The Civil Rights Project at Harvard is moving to the University of California at Los Angeles, along with its director, Gary Orfield, depriving the university of a prominent voice in the national debate about racial justice.
The 10-year-old center, which Orfield cofounded at Harvard's Graduate School of Education, has produced reams of influential research on inequality, particularly in education -- on the resegregation of schools, for example.
"I have been offered an extraordinary opportunity to continue and expand the work of the Civil Rights Project, at UCLA, in a setting of great interest for the future of race relations and civil rights," Orfield wrote in an e-mail notifying colleagues last week.
Orfield will be on leave from the education school starting next semester.
He wrote that it has been difficult to run the center by himself without the cofounder, Christopher Edley Jr. He left three years ago to become dean of UC-Berkeley's Boalt Hall School of Law. Orfield also said he would have several colleagues at UCLA with substantial experience in civil rights work.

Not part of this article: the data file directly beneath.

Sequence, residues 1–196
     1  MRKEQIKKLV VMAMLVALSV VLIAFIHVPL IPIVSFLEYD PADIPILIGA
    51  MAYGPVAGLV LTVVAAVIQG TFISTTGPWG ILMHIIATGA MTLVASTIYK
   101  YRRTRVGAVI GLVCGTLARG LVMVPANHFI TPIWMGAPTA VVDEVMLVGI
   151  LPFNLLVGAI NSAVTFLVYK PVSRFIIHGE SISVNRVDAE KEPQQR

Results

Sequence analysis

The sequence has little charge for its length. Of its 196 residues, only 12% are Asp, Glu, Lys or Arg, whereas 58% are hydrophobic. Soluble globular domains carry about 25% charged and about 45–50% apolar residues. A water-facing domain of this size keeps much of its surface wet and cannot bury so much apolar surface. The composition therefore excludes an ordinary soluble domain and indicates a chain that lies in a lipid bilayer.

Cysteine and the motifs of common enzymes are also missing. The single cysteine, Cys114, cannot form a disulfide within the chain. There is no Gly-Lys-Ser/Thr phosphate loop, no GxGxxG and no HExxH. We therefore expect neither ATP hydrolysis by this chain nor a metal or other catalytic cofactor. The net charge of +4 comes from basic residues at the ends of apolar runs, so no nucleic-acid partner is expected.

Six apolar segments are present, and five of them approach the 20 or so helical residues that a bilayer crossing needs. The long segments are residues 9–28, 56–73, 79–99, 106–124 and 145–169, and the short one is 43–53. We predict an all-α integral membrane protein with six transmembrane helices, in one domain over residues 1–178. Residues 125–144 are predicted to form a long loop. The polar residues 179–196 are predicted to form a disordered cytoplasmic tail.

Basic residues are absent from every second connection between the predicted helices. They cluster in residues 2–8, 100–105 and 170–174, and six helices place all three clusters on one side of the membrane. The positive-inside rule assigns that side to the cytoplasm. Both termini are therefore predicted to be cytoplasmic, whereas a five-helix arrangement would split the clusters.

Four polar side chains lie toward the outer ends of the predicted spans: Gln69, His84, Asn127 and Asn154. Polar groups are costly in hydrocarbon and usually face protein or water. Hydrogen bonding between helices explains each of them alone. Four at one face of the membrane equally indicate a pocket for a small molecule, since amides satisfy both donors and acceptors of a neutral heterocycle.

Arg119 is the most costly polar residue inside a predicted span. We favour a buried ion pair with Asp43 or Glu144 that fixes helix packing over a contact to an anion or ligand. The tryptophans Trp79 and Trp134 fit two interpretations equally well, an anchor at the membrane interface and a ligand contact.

Orfield recently married a California education scholar who has worked with the Civil Rights Project. Patricia Gandara will join him at UCLA.
Michael Rodman, spokesman for Harvard's education school, said the school will continue to do a lot of work on inequality, diversity, and the achievement gap in education.
"While Gary's departure is a loss, our commitment to this issue remains unchanged," he said.
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